14. Termite Inspection:  This paragraph has been simplified, although its simplicity can create some extreme results.  It gives the option to choose whether the Buyer or Seller pays to obtain the report, which is to be dated less than thirty (30) days prior to settlement.  However, in providing that the Seller is responsible to pay for all extermination and structural repairs identified in the report, there is NO LIMITATION on the costs to the Seller.  The MAR Contract, for example, limits the Seller’s possible expenses to two percent (2%) of the sales price of the Property.
  15. Damage or Loss:  Provides that the risk of loss remains with the seller until execution and delivery of the deed at closing.
  16. Title:  Provides for the delivery of title to purchaser which title is to be “good and marketable and insurable at standard rates”.  Allows the seller 30 days to correct any title defects.  Normal easements and covenants are not deemed to be title defects.
  17. Possession Date:  The seller is required to deliver possession of the property to the purchaser on the date of closing.
  18. Fees:  Provides for the payment of fees to the Settlement Company by the respective parties for services rendered to them.
  19. Broker’s Fee:  Irrevocable instruction from the seller to the Title Agent to pay the Broker’s compensation pursuant to the listing agreement.
  20. Adjustments:  Allows for the adjustment and proration of certain charges against the property such as taxes and water and sewer charges.  However, any oils or fuel remaining in the respective tanks become the property of the purchaser without adjustment or proration.
  21.  Attorney’s Fees::The parties agree that in the event of a dispute between them  which results in legal action, the prevailing party may be entitled to recover attorney fees from the defaulting party, if ordered by the court.
  22. Performance:  Delivery of the required funds by buyers and executed documents by the parties constitutes sufficient tender of performance.
  23. Default:  In the event of a default by purchaser, the seller may elect to either forfeit the deposit as fixed and liquidated damages, or to sue the purchaser for specific performance and damages.  Conversely, the purchaser could sue the seller for specific performance or monetary damages in the event of a default by the seller.  If legal action is taken, the defaulting party may be required to pay the attorney fees of the non-defaulting party.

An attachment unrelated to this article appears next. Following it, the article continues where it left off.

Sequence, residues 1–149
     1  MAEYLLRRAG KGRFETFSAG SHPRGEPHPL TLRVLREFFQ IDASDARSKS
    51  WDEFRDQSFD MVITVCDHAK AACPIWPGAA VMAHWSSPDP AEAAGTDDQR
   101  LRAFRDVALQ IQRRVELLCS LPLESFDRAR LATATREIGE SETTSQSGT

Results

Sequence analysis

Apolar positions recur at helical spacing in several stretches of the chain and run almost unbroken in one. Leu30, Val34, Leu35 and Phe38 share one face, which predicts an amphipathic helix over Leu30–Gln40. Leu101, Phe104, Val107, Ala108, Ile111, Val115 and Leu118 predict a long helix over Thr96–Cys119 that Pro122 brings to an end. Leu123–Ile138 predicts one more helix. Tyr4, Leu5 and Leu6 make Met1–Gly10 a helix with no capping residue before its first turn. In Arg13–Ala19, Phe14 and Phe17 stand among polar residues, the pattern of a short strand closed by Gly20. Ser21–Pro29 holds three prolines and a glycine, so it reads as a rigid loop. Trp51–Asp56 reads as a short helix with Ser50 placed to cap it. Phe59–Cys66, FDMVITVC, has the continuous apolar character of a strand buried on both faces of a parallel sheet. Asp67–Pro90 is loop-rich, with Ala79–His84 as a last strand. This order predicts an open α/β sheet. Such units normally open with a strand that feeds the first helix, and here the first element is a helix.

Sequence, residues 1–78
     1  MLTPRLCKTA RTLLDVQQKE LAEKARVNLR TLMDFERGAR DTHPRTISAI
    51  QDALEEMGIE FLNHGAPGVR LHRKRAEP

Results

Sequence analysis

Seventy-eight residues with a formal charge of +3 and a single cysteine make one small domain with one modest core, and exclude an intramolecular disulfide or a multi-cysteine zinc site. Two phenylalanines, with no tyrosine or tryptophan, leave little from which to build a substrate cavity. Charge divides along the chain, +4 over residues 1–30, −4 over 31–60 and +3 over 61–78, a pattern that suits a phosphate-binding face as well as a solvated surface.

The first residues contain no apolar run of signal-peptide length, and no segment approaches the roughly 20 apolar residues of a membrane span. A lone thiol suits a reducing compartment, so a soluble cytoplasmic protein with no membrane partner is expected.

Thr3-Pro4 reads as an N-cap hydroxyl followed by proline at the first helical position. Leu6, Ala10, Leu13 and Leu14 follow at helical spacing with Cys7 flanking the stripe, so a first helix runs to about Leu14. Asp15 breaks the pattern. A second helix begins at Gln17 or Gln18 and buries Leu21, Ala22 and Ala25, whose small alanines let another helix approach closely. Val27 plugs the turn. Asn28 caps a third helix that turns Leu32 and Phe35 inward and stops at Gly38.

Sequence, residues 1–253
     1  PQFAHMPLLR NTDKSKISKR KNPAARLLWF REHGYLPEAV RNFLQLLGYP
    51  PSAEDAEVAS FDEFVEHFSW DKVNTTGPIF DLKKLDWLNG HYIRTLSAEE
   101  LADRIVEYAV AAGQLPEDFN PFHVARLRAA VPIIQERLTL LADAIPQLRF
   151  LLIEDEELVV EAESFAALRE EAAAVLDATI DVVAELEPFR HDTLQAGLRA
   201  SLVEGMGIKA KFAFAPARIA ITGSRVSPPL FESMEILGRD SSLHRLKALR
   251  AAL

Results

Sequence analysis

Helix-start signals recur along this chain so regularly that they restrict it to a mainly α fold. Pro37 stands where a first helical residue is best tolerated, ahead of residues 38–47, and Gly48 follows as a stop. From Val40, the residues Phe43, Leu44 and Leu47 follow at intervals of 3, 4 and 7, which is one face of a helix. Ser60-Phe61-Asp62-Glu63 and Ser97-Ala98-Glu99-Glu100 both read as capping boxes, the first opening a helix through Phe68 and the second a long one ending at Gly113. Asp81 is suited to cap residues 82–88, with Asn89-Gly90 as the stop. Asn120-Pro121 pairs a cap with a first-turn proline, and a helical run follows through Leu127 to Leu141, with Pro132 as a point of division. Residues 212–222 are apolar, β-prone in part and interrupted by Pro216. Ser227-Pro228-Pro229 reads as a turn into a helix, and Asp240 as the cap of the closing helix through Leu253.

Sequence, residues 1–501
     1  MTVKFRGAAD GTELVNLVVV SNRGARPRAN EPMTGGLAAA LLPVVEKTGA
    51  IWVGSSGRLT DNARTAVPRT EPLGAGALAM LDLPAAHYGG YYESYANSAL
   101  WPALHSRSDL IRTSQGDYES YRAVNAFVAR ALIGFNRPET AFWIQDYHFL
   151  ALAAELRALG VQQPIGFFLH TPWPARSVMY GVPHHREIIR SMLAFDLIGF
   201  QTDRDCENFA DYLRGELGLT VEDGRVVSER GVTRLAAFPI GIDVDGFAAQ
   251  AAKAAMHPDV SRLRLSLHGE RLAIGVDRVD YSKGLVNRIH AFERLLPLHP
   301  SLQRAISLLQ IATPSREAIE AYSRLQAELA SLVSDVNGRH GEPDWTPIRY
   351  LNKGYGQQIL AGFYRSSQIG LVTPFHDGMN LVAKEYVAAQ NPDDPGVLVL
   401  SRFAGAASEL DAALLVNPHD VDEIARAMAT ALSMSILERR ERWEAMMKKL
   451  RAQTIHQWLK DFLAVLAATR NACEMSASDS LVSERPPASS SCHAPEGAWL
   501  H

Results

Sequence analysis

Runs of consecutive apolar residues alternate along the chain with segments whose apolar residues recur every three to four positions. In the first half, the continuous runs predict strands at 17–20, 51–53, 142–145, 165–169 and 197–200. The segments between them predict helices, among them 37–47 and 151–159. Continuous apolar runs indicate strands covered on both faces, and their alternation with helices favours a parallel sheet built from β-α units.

24. Other Disclosures:  The parties to the contract are advised of their right to seek legal or other advice regarding the terms of the Contract.  There is also a list of other possible provisions indicating areas that the purchasers may wish to have further investigated:
  • Property Condition:  A multitude of possible inspections are available such as home inspection, lead paint, zoning, easements, radon, and many more.  An addendum is required for any such inspections.
  • Legal Requirements:  All Contracts and any changes must be in writing.
  • Financing:  Purchasers have the right to select their lender of choice, as financing terms may vary greatly among loan programs.
  • Broker:  The Agents are solely real estate agents, and not attorneys, surveyors, engineers or related professionals.  The brokers may have an interest in related businesses such as insurance or home warranty, and may earn compensation from such additional businesses.
  • Property Taxes:  The purchasers are cautioned that the taxes could increase following settlement.
  • Property Insurance:  As the lender will always require homeowner’s insurance, the purchaser should investigate obtaining insurance.
  1. Assignability:  The Contract may not be assigned without the approval and consent of both sides to the transaction.
  2. Definitions:   A number of Contract terms are defined, including Appraisal, computation of time, and final date of ratification.
  3. Miscellaneous:  The Contract can be signed in counterparts or by facsimile.
  4. Void Contract:  The parties agree to promptly execute releases if the Contract becomes void.
  5. Home Warranty:  Determines if there will be a home warranty provided at settlement and whether it will be paid for by purchaser or seller.
  6. Time is of the Essence As to All Terms of This Contract:  Provides that the time periods of the contract are material in the performance of its terms.
  7. Entire Agreement:  The Contract is binding on the parties and their heirs, executors and permitted assigns.  The Contract contains the final agreement between the parties.
  8. Electronic Signatures:  Under the Uniform Electronic Transactions Act, electronic signatures are permitted and are valid.

Mobile Sliding Menu